If your only plan of attack is to simply attempt to get more traffic for the same keywords, you'll probably stay in that same threshold. You have to expand your reach of new money, it's really that simple in all the tests I've run. Sticking with the same old gets the same old but something slightly new, but not radically different, can pay off big time when you find the sweet spot.
| 9:19 am on Nov 5, 2011 (gmt 0)|
I don't think anybody is saying it's not possible to break out of the smart pricing/throttling. We are saying it's real. There absolutely is an algo between advertisers and publishers toying with cpc's. Even Hal Varien admitted that smart pricing exists and published a video explaining it to people. It's strange to me that people argue that it doesn't exist when there is such obvious evidence. (thus the questioning of motives and connections to google)
Like I've said before, after the same volume of traffic is coming in at a steady pace the cpc/ecpm's return to normal. Google know's full well that traffic is not a steady flow but changes hour to hour and day by day. This is the very point they exploit to scrub earnings from pubs.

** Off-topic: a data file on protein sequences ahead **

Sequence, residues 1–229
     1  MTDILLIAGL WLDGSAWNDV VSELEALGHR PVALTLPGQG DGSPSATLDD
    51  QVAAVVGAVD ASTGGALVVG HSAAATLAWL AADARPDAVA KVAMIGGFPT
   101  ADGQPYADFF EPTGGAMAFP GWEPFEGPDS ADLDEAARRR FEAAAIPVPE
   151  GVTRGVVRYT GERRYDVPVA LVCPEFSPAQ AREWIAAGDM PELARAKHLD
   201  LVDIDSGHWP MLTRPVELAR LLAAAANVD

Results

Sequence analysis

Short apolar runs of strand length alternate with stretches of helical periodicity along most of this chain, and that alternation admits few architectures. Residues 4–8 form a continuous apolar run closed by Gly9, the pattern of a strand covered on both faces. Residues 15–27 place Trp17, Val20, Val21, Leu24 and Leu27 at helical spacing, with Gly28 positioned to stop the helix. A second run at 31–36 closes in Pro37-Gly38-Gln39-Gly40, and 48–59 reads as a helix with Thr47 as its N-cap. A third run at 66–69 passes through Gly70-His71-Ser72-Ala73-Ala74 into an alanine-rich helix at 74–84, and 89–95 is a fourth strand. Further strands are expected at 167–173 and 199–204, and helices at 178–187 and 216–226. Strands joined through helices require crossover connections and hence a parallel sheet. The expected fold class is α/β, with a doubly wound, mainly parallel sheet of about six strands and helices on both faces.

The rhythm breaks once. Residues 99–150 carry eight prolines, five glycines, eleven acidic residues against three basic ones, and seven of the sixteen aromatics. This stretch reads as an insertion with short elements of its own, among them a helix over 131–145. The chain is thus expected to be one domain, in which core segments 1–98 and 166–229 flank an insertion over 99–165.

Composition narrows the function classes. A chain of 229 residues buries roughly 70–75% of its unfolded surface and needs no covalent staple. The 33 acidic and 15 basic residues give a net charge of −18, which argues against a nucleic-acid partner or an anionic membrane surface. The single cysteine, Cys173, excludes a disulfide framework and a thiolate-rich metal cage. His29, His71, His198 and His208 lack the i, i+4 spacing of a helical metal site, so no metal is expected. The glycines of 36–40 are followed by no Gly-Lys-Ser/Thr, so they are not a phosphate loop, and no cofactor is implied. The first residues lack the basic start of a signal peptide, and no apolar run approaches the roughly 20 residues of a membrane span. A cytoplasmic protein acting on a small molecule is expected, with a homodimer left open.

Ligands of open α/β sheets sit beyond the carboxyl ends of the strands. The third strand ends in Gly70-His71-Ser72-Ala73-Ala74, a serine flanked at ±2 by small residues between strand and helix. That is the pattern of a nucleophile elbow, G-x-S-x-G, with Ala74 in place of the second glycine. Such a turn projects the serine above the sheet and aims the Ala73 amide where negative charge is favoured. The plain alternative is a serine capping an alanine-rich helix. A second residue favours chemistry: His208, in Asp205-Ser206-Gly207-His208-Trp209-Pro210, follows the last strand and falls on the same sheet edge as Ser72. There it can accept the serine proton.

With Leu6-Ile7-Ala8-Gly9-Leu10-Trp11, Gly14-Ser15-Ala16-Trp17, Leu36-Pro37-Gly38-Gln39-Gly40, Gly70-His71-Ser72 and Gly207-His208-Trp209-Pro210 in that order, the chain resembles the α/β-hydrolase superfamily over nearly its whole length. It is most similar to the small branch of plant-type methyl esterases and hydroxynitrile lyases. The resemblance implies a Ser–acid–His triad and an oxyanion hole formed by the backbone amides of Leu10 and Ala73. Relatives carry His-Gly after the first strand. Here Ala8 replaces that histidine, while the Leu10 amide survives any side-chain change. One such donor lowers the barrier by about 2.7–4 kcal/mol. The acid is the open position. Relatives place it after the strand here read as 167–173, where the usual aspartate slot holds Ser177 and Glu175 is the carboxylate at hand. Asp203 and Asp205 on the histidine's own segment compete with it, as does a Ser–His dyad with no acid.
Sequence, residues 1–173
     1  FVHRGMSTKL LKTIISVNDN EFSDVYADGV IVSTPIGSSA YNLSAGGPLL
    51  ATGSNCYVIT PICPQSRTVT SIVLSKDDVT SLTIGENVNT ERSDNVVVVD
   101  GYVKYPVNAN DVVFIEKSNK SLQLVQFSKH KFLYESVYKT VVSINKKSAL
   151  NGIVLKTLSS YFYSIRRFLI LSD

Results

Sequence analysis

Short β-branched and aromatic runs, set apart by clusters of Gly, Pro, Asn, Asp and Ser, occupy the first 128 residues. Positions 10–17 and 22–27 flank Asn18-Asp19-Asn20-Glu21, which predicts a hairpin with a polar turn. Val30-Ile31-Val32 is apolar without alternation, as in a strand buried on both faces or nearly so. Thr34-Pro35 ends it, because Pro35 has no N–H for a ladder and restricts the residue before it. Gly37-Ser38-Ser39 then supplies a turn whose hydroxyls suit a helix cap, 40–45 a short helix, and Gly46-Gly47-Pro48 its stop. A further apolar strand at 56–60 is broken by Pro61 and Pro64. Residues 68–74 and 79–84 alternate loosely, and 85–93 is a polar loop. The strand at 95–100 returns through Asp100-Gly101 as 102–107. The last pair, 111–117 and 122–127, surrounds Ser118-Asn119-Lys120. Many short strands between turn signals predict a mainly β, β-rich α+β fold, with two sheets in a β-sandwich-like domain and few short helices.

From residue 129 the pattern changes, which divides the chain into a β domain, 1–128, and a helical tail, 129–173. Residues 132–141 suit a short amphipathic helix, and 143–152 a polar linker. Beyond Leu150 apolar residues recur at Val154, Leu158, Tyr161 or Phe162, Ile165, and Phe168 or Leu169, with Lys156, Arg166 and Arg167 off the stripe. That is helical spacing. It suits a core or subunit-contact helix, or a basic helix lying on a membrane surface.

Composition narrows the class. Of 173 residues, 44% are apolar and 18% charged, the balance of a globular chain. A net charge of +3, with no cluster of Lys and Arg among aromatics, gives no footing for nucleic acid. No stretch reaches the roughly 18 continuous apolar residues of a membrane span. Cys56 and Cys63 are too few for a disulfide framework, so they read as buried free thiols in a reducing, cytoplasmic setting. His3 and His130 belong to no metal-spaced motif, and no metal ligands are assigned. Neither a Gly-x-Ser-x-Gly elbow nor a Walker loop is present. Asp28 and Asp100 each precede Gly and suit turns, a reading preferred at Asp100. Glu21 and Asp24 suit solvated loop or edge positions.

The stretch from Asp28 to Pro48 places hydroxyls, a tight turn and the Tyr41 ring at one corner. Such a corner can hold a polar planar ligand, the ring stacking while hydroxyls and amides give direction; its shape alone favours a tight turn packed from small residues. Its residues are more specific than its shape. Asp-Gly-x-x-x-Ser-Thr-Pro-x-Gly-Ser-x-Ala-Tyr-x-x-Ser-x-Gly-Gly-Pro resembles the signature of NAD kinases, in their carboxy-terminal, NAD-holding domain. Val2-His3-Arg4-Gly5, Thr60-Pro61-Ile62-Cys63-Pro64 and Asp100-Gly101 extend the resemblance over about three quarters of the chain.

I'm seriously starting to think that the way beyond this is to code custom ad scripts that give adsense X impressions/hour and keep it absolutely steady. Then as a site improves and traffic numbers improve you ramp it up a little. Always staying well behind your total traffic # so there is no interruption and impressions are perfectly stable and steady. You will of course lose money each time it gets opened up, but after a few weeks/months the cpc's will be back to normal levels.